As Mr. Ghosh informs us, the issue with the moderations this time has been that the tabulation had never been done and the teachers seem to have been told to moderate results freely by the Controller of Examinations, Dr. Jaggi, who in turn has passed the buck onto the Vice- Chancellor saying that the order had indeed come from higher quarters. “We have ample reason to believe that the results have been fudged” asserts Mr. Ghosh.

The DUTA has demanded an impartial probe into this matter and will adopt a resolution regarding the same in its General Body meeting on 31 January, 2012.


‘Cecilia you’re breaking my heart, you are shaking my confidence daily.’ This ancient Simon and Garfunkel classic resonated the feeling of restlessness and anxiety being experienced by the students of LSR till a few days ago. Make no mistake; it was no fair haired maiden but the moderation committee which was overseeing the correction of mid-term examination papers that had the students sinking into the depths of uncertainty.

Marking during internal evaluation has been a much debated topic in LSR. Students often complain about the stringent hand that college deals them while their counterparts in North Campus colleges are supposedly marked rather leniently which results in them scoring higher overall percentages.

This year the sudden need of moderation of internal marks of students in the annual mode may be a consequence of uncharacteristically brilliant results of the students under the ‘glorious’ semester system. While some students believed that moderation may help stabilize their marks as different teachers have varied marking patterns others opined that the delay in returning the answer scripts to their rightful owners was merely because teachers hadn’t corrected the answer scripts in time. However, the truth remains that the students of the English department of LSR had not received the answer scripts of the mid-term examination that they appeared for a month ago till very recently.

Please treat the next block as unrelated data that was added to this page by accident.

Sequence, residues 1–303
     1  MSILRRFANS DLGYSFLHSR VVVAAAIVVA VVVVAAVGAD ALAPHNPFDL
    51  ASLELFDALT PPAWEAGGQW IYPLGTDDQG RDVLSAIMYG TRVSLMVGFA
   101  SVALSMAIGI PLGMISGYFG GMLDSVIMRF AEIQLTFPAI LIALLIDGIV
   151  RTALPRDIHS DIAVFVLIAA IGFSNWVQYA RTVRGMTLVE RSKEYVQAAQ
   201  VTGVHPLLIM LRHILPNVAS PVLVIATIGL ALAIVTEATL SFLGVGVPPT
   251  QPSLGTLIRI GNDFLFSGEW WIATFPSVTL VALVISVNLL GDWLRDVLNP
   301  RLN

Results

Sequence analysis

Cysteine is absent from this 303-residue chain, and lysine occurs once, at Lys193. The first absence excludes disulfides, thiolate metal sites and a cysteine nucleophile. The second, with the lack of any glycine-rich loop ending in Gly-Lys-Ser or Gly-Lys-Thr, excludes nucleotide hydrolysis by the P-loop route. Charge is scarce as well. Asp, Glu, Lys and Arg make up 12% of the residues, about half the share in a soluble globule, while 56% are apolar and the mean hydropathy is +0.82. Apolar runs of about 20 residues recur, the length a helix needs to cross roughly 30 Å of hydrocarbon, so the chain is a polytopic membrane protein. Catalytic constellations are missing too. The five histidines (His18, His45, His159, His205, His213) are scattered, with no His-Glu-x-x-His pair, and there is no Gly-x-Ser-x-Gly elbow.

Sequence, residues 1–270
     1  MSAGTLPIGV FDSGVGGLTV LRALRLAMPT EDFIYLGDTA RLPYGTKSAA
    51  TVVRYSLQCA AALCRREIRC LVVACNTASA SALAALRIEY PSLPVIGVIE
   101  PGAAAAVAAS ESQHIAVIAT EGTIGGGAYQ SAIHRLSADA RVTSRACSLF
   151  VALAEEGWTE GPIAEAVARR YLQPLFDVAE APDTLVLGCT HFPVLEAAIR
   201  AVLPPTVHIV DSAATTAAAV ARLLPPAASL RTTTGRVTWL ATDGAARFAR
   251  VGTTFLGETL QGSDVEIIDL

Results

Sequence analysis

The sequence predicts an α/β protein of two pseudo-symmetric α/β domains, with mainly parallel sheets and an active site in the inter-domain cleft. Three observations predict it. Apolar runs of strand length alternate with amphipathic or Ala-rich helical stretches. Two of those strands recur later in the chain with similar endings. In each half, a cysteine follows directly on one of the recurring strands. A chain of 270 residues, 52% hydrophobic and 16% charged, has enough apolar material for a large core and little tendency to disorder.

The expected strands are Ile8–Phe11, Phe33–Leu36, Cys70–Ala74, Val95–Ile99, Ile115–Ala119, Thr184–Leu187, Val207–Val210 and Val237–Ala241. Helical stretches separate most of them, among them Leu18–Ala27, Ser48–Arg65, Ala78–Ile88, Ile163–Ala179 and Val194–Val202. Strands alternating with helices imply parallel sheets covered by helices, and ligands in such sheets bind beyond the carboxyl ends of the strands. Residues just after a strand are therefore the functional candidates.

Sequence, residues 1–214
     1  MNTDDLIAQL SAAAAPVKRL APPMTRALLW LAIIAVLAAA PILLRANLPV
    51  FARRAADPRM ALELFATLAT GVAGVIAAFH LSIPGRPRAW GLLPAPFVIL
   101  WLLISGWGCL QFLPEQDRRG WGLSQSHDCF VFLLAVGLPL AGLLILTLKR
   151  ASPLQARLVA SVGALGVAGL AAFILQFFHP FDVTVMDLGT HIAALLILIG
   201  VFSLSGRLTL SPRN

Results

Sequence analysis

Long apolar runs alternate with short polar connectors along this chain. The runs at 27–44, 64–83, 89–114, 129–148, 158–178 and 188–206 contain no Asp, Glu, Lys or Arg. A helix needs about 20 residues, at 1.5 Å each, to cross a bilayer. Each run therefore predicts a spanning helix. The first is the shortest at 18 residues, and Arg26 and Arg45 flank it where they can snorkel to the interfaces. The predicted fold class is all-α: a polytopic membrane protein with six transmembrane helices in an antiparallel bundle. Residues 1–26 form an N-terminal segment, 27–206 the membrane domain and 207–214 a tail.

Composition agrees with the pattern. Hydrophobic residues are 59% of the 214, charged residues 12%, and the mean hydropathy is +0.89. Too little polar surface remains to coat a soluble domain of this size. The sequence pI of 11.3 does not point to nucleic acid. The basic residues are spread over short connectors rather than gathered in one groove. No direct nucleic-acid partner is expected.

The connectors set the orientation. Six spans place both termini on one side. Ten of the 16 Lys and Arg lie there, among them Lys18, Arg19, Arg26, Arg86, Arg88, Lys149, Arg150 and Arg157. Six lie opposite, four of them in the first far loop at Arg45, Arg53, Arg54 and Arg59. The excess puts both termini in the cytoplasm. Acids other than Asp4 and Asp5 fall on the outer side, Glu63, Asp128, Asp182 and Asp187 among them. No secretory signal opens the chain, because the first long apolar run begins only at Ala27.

Sakshi Ghai, a 3rd year student of Philosophy was a recent victim of this sadistic mechanism. “After having scored 91 in my one of my papers I was shocked to hear my teacher contemplating reducing 4 marks in each question post moderation.” she said. It is important to note that it is only students studying theoretical subjects who would be affected by moderation. Meanwhile, students who chose to tread the path of ‘ignorance is bliss’ were delighted with the delay in knowing their impending fate.

The suspense created by the examiners was a heady one although anticlimactic in nature for many. “The hue and cry about moderation was for nothing as it hasn’t reflected in my marks at all.” Confessed Adilah Ismail, a 2nd year student of English Literature.

The moderation mayhem may have affected students of various departments differently but it has taught them an important life lesson which is to approach life with a tinge of irony instead of heroism or despair.

Pragya Lal
[email protected]